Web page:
Piriformis Syndrome

Piriformis syndrome causes sciatica and involves pain to the buttocks and the affected leg or legs. The piriformis muscle of the hip assists with outward movement of the hip and leg, and if the muscle becomes damaged this can result in injury to the sciatic nerve where it crosses under the muscle. The sciatic nerve is located at the base of the back and runs into the buttocks and legs.


Pain is usually present in the buttock and along the back of one or both legs, sometimes extending to the foot. This can be accompanied by a slight tingling sensation. Sitting may become progressively more painful or hard to achieve, and you might notice that when sitting you avoid placing the body's weight on the injured buttock (or side), preferring to leave it elevated.


The sciatic nerve is liable to become pinched and irritated by an injured piriformis muscle. How this specifically starts is debated, though specialists often conclude that the muscle begins to spasm before squeezing painfully against the nerve, leading to the nerve being pushed against the pelvis bone. One of the causes of piriformis muscle injury is hitting the ground with the buttocks due to a heavy fall.

For athletes this can occur during almost any sport but the risk might be higher in those with either a strong contact element or those in which falling from a height is possible (e.g. cycling or horse riding). After such an impact the muscle can bleed (due to a hematoma) and become inflamed, causing it to press into the sciatic nerve. The weaker scar tissue that eventually forms over the injured muscle can also serve to prolong the problem.


Consult a doctor to assess the extent of the damage. Often the initial treatment will be conservative and may incorporate checkups over a period of weeks in conjunction with anti-inflammatory pain medication like ibuprofen. In addition to relieving pain this medication will seek to reduce the swelling around the piriformis muscle in order to take the damaging pressure off the sciatic nerve. The doctor will also recommend physical therapy, with a professional helping to alleviate your symptoms and maintain movement and strength in the affected muscle.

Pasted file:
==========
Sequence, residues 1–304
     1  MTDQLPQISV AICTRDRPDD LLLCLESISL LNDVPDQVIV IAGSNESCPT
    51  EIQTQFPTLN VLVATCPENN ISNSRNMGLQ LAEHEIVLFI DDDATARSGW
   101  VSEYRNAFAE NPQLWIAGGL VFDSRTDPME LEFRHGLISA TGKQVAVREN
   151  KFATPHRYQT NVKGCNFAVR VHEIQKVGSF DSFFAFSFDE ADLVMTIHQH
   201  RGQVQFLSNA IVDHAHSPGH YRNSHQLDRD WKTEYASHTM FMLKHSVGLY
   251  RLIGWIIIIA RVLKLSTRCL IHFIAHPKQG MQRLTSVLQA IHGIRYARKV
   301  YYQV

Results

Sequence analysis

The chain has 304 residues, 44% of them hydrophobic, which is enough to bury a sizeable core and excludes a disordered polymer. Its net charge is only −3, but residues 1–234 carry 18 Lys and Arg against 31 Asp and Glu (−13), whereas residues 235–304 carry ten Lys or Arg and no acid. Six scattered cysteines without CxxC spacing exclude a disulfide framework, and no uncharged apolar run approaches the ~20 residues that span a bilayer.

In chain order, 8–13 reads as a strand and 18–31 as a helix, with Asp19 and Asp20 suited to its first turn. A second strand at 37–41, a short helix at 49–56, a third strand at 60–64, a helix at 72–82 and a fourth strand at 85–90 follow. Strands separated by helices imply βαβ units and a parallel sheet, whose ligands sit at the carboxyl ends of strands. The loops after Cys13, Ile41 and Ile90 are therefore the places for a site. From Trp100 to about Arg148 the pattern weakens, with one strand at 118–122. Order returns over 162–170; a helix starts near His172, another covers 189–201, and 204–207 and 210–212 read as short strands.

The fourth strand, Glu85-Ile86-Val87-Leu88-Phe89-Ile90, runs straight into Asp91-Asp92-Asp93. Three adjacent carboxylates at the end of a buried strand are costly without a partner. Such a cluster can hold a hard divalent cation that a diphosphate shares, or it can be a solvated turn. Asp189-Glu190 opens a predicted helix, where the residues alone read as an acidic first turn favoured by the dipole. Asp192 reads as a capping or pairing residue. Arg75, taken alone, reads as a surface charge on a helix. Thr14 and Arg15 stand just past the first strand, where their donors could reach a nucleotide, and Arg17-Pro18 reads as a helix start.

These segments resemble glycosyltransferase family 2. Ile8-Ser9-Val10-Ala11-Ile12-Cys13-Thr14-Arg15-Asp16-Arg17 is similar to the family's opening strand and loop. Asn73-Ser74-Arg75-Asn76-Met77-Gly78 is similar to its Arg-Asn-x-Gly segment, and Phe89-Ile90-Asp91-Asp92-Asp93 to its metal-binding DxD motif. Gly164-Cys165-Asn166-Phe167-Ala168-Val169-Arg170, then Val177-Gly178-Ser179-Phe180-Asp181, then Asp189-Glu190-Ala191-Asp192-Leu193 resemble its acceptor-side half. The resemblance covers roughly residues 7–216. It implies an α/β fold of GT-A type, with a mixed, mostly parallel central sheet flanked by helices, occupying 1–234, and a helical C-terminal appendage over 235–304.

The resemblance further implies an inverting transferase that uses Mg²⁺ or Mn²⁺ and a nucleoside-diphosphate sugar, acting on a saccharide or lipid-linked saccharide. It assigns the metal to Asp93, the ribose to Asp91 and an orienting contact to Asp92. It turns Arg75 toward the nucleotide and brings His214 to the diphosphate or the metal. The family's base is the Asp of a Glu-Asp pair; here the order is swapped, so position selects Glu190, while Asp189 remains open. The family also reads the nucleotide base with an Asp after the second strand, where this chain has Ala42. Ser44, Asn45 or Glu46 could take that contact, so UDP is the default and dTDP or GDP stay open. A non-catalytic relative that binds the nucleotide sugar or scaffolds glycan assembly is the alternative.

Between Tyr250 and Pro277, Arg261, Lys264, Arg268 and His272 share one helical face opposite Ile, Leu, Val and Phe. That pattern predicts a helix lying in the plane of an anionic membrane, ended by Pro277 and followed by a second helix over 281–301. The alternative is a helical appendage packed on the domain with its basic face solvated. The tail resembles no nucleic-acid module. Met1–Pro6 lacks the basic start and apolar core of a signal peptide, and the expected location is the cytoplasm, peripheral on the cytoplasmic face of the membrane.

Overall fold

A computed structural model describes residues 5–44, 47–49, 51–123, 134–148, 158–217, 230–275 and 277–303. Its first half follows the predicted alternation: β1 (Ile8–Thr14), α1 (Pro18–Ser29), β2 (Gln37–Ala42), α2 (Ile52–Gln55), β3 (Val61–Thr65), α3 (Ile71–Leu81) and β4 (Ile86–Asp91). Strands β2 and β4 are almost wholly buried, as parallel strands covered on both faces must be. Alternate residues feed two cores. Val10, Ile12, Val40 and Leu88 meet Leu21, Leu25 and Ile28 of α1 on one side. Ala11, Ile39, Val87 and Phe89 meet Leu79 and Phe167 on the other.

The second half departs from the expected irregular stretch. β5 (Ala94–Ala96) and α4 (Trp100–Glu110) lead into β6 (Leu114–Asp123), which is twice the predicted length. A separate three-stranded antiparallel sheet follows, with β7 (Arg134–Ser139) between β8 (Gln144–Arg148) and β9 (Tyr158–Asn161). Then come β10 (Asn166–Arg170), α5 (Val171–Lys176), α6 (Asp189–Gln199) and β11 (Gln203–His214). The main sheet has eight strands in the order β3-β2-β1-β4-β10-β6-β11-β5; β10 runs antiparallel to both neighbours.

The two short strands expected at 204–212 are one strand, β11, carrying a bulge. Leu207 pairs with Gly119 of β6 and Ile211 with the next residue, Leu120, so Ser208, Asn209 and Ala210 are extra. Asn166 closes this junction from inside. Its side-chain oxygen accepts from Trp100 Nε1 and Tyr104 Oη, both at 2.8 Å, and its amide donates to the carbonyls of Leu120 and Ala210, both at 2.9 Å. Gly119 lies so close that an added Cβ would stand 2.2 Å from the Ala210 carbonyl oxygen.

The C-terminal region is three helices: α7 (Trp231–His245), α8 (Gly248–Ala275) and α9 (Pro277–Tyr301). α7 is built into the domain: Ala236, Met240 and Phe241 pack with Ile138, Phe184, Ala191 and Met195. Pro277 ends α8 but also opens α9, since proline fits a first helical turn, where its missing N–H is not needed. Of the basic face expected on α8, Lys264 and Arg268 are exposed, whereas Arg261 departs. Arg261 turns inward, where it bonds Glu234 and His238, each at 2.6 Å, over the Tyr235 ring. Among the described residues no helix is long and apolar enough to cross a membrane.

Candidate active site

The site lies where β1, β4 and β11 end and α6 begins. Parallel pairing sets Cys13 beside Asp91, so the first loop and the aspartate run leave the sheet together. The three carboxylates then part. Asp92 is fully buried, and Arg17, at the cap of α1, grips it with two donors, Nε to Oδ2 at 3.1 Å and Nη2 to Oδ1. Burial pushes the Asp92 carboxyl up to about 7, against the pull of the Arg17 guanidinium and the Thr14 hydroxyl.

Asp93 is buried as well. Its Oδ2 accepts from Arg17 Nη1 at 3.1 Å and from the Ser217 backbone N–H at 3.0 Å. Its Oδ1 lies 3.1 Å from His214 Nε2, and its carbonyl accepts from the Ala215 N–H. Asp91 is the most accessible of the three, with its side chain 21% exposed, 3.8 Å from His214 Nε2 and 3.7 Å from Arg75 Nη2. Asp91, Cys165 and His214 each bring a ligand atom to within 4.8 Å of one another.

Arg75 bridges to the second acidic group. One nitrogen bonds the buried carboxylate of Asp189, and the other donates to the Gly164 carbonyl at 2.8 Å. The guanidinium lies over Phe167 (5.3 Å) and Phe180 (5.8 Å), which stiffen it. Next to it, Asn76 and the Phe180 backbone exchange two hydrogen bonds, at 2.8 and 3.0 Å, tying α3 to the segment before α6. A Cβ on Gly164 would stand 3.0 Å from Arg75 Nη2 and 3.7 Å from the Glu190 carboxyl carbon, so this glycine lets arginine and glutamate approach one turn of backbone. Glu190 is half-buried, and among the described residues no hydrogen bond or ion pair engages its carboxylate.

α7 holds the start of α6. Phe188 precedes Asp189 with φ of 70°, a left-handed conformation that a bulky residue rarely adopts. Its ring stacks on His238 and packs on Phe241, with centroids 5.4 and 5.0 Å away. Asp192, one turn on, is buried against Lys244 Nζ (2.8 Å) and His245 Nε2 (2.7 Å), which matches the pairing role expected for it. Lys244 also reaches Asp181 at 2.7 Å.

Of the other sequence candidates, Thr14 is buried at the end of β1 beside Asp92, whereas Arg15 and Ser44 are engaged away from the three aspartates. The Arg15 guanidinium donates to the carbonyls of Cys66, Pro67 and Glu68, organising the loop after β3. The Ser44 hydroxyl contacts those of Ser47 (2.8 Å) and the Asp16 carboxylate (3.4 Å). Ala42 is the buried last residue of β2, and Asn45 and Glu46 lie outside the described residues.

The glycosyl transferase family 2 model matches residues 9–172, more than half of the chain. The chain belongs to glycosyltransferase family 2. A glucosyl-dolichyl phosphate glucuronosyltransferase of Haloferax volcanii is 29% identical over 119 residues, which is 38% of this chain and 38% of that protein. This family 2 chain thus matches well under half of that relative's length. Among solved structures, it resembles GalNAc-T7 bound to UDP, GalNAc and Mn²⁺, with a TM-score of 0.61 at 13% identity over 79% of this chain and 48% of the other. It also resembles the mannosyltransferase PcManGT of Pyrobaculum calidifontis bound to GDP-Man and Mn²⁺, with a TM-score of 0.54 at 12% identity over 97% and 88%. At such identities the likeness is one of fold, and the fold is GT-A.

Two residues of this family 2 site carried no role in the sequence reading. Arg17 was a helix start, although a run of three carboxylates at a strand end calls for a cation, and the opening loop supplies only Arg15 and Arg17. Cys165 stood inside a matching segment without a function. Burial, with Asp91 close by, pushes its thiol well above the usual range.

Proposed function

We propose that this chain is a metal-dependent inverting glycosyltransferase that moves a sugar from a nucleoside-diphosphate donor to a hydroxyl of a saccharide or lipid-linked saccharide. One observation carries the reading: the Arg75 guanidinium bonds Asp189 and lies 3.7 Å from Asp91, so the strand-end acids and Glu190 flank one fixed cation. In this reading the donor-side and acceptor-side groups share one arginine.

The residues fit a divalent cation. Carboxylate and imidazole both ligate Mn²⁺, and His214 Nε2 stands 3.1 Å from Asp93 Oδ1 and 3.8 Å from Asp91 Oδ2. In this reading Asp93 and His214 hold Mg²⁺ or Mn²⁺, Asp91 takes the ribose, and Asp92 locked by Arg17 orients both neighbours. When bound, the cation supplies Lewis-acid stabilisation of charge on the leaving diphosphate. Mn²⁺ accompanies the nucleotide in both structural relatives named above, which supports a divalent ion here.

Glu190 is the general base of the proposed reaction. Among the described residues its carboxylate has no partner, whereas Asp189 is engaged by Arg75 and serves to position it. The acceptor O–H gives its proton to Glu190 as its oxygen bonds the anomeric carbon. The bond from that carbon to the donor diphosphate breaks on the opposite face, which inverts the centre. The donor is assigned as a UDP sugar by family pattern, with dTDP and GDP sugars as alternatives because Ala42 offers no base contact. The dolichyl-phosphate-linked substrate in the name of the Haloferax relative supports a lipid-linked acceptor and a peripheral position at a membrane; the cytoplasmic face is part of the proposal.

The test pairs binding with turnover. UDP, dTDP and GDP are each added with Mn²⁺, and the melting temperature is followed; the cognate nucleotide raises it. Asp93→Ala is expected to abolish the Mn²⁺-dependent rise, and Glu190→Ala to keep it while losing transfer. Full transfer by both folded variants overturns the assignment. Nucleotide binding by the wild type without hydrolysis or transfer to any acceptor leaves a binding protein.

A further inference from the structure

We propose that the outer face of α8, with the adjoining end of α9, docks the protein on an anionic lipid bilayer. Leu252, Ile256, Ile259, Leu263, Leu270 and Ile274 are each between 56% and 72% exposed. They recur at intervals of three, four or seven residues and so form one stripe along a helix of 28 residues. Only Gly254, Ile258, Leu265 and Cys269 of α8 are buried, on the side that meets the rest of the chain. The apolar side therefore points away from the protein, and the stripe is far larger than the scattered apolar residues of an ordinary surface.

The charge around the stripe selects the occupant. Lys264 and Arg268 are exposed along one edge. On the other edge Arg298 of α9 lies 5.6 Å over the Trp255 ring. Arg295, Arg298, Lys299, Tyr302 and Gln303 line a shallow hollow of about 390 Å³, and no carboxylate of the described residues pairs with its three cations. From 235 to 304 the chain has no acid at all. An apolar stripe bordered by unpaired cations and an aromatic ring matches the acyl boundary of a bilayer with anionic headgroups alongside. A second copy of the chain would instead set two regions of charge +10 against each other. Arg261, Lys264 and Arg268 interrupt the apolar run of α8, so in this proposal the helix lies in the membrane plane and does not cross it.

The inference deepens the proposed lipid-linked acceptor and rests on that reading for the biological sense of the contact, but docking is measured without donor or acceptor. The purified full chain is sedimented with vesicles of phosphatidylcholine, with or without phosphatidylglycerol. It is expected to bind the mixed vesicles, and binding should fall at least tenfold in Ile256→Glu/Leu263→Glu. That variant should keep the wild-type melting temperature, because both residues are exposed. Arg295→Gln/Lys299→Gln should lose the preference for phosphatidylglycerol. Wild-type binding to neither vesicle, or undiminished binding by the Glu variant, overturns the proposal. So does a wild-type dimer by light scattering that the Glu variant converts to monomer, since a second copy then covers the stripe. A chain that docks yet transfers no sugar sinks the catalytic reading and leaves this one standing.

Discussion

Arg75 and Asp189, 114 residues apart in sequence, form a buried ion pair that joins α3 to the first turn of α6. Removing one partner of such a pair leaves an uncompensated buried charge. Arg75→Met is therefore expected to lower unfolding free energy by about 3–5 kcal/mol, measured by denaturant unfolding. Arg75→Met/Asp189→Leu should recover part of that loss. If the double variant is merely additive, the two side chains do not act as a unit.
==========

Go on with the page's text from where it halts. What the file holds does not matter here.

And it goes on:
If the symptoms do not improve despite the above, other methods may be required. A common treatment is injecting stronger drugs straight into the muscle to lessen the pain and swelling or, in some cases, to paralyse the muscle entirely with the result of relieving the strain on the sciatic nerve. In rare cases surgery may be necessary to cut directly through the muscle and ease the pressure. Sometimes this involves removing a section of the piriformis muscle, which should not affect your ability to partake in sports activities because the muscle is not crucial for leg movement and is supported by others.


Without surgery you can expect to recover in 2 to 3 months. This includes substantial time spent with a physical therapist and a long program of effective stretching. A professional will guide you through this course of action. Recovery time for patients who have undergone surgery will vary depending on the procedure.

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